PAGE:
The health sector needs more male nurses, but has struggled to attract men into what has traditionally been a female domain. While up to 50% of those enrolling to become doctors are now reportedly women, only 10% or less of nursing students are male.
However, a new dual, fast track graduate programme offered by Ara and University of Canterbury (UC) seems to be attracting more male students. So what is it about this qualification that works for men?
Ara nursing lecturer and researcher Dr Isabel Jamieson and her team are conducting a suite of research projects connected to the new programme - the combined Masters of Health Science at UC and Bachelor of Nursing at Ara. It is available to graduates of a health-related degree and is “utterly unique,” according to Jamieson, “especially in the way it bridges two organisations and qualifications”. The findings will be presented at the Ara Research Week, 14 – 18 August.
Jamieson suspects that prior academic achievement gives the men who enrol in the programme more freedom to choose their own path. “I guess that because these men already have degrees, they have proven themselves in the academic world and now they feel they can go and do what they want to do career wise”.“Some of these men have already undertaken what could be identified as quite masculine fields of work, such as on building sites and in farm work. One of these participants said that both his parents are nurses, but he didn’t consider it till much later in his worklife. While it is socially acceptable for girls to say they want to be a nurse, it is probably not so acceptable for boys.”
And yet nursing is “a tough job”, Jamieson says. “It is physically, mentally and academically demanding. Nurses need to be able to combine the art and science of nursing to do the job. They are balancing lots of information all the time”.
“I think the some of the general public underestimate what it takes to become a Registered Nurse. RN’s need the personal attributes of kindness and caring, as well as clinical knowledge of health issues, disease processes, pathophysiology, coupled with a social/political understanding of health politics to say nothing of the plethora of questions arising from what a patient has just read on the internet or information provided to them from the lastest app downloaded to their smart phones.”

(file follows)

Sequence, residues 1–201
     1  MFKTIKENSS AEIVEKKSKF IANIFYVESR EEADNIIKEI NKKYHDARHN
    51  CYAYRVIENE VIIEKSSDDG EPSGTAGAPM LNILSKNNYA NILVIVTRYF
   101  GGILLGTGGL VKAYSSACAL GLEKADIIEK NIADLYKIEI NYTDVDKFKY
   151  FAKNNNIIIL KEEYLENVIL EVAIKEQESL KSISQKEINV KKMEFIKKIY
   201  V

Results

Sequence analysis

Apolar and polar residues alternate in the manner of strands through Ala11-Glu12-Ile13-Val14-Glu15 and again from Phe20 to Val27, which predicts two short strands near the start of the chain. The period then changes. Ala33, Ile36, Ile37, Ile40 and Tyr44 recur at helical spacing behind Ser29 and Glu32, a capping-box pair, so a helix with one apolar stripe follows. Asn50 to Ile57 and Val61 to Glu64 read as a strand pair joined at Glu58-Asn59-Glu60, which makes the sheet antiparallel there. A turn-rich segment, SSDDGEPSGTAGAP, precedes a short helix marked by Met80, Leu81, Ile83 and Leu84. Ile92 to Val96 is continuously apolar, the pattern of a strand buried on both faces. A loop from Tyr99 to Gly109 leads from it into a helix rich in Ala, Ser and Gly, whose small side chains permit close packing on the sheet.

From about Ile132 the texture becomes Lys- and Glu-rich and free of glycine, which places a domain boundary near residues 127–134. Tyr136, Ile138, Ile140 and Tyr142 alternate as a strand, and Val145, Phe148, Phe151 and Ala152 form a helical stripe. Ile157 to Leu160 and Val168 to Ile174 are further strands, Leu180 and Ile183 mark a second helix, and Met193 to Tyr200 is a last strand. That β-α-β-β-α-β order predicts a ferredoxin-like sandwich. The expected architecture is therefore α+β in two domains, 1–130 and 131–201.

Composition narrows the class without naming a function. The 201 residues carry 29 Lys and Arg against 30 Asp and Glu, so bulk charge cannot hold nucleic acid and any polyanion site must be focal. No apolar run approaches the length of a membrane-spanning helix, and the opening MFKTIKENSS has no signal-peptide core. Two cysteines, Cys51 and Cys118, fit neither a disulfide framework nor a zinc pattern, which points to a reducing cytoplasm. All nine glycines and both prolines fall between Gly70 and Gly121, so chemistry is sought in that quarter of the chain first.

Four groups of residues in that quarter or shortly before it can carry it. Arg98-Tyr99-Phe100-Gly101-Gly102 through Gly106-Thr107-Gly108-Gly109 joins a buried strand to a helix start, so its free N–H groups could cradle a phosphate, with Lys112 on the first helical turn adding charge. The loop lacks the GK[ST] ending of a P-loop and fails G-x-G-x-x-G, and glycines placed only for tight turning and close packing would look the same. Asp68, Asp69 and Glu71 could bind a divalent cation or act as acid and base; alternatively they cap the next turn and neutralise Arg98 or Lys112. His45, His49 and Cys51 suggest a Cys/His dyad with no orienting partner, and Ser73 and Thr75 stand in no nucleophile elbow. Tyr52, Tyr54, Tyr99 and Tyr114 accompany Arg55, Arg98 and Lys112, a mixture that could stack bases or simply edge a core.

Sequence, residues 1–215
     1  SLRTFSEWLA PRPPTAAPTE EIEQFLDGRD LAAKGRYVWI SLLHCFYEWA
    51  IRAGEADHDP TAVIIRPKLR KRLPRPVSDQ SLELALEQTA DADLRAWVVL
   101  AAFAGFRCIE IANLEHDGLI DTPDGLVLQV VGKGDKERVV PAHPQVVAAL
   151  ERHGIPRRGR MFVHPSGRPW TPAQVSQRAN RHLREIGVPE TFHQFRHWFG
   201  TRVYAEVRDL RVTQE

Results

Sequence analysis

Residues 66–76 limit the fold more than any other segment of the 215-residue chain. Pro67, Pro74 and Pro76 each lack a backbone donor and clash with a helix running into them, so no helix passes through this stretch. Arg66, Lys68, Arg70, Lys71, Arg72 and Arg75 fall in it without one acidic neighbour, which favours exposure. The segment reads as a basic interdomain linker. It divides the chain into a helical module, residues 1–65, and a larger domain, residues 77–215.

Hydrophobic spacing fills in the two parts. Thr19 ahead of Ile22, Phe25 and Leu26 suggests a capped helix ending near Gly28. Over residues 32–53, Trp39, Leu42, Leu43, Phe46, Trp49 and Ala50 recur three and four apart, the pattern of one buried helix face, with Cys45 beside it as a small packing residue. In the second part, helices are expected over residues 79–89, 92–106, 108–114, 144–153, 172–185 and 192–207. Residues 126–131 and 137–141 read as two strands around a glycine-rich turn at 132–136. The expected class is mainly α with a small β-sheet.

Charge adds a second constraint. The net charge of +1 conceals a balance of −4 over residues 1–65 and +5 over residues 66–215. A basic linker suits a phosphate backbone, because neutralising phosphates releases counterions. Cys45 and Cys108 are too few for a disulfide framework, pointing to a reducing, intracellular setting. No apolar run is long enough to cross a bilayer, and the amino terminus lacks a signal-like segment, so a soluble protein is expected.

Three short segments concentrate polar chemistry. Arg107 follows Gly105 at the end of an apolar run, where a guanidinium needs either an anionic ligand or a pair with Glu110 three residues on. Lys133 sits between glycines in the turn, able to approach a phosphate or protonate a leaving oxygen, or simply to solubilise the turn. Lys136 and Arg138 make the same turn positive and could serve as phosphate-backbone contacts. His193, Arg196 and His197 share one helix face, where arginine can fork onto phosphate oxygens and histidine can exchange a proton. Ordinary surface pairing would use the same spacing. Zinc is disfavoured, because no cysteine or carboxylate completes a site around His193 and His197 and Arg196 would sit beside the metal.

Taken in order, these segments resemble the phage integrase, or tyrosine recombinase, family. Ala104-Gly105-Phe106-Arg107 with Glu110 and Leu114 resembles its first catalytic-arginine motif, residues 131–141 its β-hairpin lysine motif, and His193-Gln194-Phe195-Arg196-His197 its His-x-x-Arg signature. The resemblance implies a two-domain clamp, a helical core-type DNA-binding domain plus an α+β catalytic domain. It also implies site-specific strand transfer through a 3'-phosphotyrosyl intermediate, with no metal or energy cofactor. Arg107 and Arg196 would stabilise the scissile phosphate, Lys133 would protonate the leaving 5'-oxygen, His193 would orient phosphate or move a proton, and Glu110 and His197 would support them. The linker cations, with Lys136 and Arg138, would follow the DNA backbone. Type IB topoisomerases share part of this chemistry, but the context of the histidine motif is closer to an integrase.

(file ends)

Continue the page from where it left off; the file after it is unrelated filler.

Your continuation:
The challenges of people living longer with more health needs, budget restraints in the sector and the well-publicised mental health challenges in Canterbury makes for a complex sector to work in, but Jamieson’s team found that the men in their study sample were as driven as female nurses to care for others.
While men are very much a minority group in nursing, they are viewed as very likely to be promoted to managerial positions. “However the men we interviewed, on the whole they didn’t want to be managers. They clearly want to be providing direct patient care.”
Diversity in the workforce is important. Nurses should represent the population they care for, and men bring different qualities to the job, Jamieson says. “They can be very pragmatic, which is very useful. If men are dealing with a male patient, the male psyche is useful, the language and understanding a man’s worldview.”
The research, which was recently published in Nurse Education in Practice journal (Attracting men to nursing: is graduate entry an answer?) was conducted with Ara nursing lecturer colleagues John Withington and Dianne Hudson, and UC colleagues Thomas Harding and Alison Dixon.
Jamieson notes that this research is a small qualitative piece of work with a sample of eight interviewees, replicating a study from Monash University in Australia which runs a similar graduate programme. The team will explore further what the male students think and how they feel about nursing.
Ara Research Week is on 14 – 18 August. See http://www.ara.ac.nz/news-and-events/upcoming-events/research-week
| Ara release || August 14, 2017 |||